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Complete hybrid genome assembly of clinical multidrug-resistant Bacteroides fragilis isolates enables comprehensive identification of antimicrobial-resistance genes and plasmids

Publication

Date: 7th November 2019 | Source: Microbial Genomics

Authors: Thomas V. Sydenham, Søren Overballe-Petersen, Henrik Hasman, Hannah Wexler, Michael Kemp, Ulrik S. Justesen.

Bacteroides fragilis constitutes a significant part of the normal human gut microbiota and can also act as an opportunistic pathogen. Antimicrobial resistance (AMR) and the prevalence of AMR genes are increasing, and prediction of antimicrobial susceptibility based on sequence information could support targeted antimicrobial therapy in a clinical setting.

Complete identification of insertion sequence (IS) elements carrying promoter sequences upstream of resistance genes is necessary for prediction of AMR. However, de novo assemblies from short reads alone are often fractured due to repeat regions and the presence of multiple copies of identical IS elements.

Identification of plasmids in clinical isolates can aid in the surveillance of the dissemination of AMR, and comprehensive sequence databases support microbiome and metagenomic studies.

We tested several short-read, hybrid and long-lead assembly pipelines by assembling the type strain B. fragilis CCUG4856T (=ATCC25285=NCTC9343) with Illumina short reads and long reads generated by Oxford Nanopore Technologies (ONT) MinION sequencing. Hybrid assembly with Unicycler, using quality filtered Illumina reads and Filtlong filtered and Canu-corrected ONT reads, produced the assembly of highest quality.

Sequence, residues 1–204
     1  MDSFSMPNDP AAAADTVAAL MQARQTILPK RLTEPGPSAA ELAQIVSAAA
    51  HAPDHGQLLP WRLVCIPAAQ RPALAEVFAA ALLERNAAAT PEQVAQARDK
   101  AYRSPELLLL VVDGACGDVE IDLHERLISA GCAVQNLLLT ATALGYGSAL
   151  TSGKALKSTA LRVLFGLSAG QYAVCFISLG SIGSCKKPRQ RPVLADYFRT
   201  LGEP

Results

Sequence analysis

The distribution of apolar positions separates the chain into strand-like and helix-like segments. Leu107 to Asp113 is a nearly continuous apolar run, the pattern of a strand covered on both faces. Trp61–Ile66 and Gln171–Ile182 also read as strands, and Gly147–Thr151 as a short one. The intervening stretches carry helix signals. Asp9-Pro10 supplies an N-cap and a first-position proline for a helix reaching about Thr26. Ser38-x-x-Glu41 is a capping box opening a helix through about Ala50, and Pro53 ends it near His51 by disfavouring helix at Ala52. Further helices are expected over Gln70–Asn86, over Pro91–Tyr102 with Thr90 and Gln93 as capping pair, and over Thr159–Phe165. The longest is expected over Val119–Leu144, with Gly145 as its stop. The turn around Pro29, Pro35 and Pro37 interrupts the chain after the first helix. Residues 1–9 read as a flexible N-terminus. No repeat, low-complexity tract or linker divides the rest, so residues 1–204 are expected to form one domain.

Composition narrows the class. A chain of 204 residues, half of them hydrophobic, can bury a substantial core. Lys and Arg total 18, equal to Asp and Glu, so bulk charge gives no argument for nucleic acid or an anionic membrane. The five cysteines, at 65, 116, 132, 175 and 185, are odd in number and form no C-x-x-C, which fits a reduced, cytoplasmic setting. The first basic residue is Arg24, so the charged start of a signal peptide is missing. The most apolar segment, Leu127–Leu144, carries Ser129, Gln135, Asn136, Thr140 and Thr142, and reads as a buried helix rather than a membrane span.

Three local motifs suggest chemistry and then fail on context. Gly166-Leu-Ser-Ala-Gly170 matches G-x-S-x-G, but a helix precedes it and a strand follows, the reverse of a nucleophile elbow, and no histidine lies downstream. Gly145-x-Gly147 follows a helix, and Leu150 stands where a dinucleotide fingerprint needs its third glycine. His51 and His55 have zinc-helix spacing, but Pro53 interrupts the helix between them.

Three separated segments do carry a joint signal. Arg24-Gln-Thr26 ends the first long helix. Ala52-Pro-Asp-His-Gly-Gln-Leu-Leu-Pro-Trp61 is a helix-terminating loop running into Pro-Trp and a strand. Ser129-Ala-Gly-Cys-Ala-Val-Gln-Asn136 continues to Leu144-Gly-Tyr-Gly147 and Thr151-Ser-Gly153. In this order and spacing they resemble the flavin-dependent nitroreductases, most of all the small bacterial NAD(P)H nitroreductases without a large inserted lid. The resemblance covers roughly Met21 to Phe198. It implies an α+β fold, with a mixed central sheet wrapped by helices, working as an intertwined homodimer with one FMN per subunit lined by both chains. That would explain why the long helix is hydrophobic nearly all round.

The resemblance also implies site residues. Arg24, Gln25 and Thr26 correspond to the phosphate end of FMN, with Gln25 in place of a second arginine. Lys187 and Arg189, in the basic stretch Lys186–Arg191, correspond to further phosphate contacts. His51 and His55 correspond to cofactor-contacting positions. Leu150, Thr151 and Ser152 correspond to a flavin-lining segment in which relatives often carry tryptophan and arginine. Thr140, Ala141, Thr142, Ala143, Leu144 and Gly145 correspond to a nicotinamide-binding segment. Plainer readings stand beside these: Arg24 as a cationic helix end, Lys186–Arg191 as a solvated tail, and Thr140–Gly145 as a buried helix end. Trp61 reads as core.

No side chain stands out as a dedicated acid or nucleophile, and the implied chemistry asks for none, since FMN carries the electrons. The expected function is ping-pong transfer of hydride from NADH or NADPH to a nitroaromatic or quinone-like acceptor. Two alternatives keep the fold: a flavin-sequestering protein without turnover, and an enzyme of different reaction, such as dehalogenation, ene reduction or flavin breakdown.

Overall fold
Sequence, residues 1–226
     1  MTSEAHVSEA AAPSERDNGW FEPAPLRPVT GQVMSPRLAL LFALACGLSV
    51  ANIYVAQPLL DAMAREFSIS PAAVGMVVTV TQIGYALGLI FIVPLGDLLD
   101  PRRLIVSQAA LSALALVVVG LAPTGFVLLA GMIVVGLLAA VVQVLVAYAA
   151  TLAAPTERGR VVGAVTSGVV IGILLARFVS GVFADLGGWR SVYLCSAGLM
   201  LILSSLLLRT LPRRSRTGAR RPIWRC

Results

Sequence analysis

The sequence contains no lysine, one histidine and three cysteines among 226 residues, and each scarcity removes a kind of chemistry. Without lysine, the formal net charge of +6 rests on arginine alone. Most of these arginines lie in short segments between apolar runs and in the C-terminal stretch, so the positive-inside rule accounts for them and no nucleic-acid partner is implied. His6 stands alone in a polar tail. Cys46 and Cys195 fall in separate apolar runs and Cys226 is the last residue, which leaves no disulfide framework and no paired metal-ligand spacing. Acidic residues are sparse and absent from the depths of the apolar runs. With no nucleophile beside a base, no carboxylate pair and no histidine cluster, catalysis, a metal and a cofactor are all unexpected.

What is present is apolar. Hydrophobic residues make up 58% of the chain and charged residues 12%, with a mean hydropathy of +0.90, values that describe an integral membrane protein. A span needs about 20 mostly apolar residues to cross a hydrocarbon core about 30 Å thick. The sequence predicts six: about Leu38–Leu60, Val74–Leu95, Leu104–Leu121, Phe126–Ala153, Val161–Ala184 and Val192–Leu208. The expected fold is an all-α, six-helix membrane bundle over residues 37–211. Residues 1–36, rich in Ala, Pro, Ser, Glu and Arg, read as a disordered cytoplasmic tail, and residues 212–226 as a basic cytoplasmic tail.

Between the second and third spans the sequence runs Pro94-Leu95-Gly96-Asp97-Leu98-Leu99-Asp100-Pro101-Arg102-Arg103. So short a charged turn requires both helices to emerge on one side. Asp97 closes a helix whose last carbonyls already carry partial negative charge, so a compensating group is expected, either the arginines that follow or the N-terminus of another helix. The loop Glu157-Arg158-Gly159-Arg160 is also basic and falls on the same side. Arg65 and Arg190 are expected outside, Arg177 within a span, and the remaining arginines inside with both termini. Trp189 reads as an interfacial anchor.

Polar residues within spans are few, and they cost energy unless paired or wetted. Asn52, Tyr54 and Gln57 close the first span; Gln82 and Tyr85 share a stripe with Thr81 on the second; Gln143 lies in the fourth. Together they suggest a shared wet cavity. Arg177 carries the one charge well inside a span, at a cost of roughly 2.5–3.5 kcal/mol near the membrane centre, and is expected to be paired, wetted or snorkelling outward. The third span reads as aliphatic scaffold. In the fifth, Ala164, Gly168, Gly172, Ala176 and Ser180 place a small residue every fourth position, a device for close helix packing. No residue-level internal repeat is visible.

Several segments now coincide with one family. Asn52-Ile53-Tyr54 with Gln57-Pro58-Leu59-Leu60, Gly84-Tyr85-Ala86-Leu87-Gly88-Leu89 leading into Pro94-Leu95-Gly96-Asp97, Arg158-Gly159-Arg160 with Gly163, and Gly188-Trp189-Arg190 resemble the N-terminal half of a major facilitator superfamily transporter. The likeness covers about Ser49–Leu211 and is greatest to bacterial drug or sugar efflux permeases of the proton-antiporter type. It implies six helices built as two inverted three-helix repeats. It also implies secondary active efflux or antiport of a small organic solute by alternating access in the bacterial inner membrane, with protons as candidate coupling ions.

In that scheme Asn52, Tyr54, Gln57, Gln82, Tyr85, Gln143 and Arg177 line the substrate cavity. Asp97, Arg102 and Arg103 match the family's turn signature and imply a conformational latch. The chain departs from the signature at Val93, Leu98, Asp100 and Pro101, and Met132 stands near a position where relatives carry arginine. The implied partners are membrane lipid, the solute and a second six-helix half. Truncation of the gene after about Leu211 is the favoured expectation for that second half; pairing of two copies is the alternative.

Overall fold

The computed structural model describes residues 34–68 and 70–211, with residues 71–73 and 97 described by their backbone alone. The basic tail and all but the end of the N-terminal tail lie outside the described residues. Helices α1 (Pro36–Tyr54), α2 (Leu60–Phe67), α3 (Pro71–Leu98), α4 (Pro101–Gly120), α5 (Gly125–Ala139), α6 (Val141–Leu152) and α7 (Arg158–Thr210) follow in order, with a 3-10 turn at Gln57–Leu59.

This approach was then applied to six clinical multidrug-resistant B. fragilis isolates and, with minimal manual finishing of chromosomal assemblies of three isolates, complete, circular assemblies of all isolates were produced. Eleven circular, putative plasmids were identified in the six assemblies, of which only three corresponded to a known cultured Bacteroides plasmid. Complete IS elements could be identified upstream of AMR genes; however, there was not complete correlation between the absence of IS elements and antimicrobial susceptibility.

As our knowledge on factors that increase expression of resistance genes in the absence of IS elements is limited, further research is needed prior to implementing AMR prediction for B. fragilis from whole-genome sequencing.

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